BULLSHIT, the Windpilot didn't never let me down once. But you do need to be informed how the adjustments must(/should) be. And you need to spend some hours (and later on you happily spend days) watching how it works and how it's going to react to various sail trim(s) and adjustments of the pilt(/wind steering). How hard can it be; You set sail and steer the boat yourself until the trimming of the sail(s) has made the boat stable with no pulls(/tugs/draws) of the rudder(/helm). When it's in a neutral position, you turn on the Windpilot and (with that) make adjustments to the course. It's as simple as that(/It's really quite simple). Those (people) who aren't using their Windpilot(s) are cheating themselves of the most amazing experience. Seeing the boat and the wind co-operating(/joining forces) in staying on(/keeping) course. It's the closest to a religious experience I have had during the whole journey and one that constantly(/persistently) leaves me spellbound; When I'm sitting a starry night (just) watching how it's just(/simply) doing its job; loyal(/faithful) and silent and absolutely perfect. And the reason why they're not using it is that they're not able (or don't bother(/feel like) trimming their boat, because that's where 90 per cent of their troubles with the Windpilot and any other wind vane system lies. And the (last, edit) 10 per cent lies in just "throwing" the Windpilot onto the back of the boat. You have to read the manual and the things written in small letters. But no, then they would rather be "flapping"(/"flopping") around by the autopilot. The trimming of the boat needs to be perfect if you expect that the system to steer the boat perfectly. Every time (!!!!!) I have been on board such a ship(/boat/vessel), I have adjusted the Windpilot's basic adjustment settings to where (in fact, edit) they ought to be. And enthusiastically explained what it can do, what its job is and nearly forced him(/them) to try and spend a little time on(/with) it the next time they go sailing. And I have been told by several people(/several have told me) that that(/the) "talking-to"(/"telling-off") had been just what they needed. When we met later on, they were all of a sudden also "saved"(/"redeemed") and are now always sailing y their Windpilot. And free me from all those myths that so many (even owners of Windpilots themselves) believe to be true that no wind vane system can go with the wind. I haven't been doing anything else for the past 10 months and I never do the steering myself, at most(/apart from) getting in and out of the anchorage.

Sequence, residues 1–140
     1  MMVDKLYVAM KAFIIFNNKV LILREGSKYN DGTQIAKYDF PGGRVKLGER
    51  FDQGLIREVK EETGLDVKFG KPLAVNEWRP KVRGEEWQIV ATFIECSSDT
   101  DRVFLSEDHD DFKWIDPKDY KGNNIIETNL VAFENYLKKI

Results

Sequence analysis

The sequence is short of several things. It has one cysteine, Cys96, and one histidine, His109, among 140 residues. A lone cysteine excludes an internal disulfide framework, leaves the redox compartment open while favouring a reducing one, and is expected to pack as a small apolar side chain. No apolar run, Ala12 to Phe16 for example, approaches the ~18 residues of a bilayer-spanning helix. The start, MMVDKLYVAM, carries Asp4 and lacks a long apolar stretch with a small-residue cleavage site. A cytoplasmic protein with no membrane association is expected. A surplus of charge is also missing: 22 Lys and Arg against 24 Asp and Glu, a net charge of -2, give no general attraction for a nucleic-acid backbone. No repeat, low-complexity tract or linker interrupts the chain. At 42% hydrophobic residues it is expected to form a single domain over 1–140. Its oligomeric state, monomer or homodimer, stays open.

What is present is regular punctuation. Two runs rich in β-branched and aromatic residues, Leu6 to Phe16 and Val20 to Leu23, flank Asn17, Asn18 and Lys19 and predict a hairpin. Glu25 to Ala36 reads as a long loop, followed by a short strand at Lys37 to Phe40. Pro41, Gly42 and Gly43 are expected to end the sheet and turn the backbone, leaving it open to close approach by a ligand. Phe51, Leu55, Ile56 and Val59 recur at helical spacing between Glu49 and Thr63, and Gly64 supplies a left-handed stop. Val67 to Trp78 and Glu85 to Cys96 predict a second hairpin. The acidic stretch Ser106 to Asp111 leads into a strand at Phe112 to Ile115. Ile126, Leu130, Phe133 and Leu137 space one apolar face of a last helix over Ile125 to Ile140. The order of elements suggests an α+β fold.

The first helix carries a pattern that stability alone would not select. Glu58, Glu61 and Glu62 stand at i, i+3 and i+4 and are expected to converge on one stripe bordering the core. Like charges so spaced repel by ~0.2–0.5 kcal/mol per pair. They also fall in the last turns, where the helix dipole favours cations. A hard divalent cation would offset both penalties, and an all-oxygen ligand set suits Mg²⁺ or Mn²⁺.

And now it's getting late and I guess I have been talking enough nonsense for today(/one day). It is 11:30 p.m. and I have got 71 miles left and no wind. The sails are hanging slack. I don't even have to take them down. There is absolutely no wind (at all).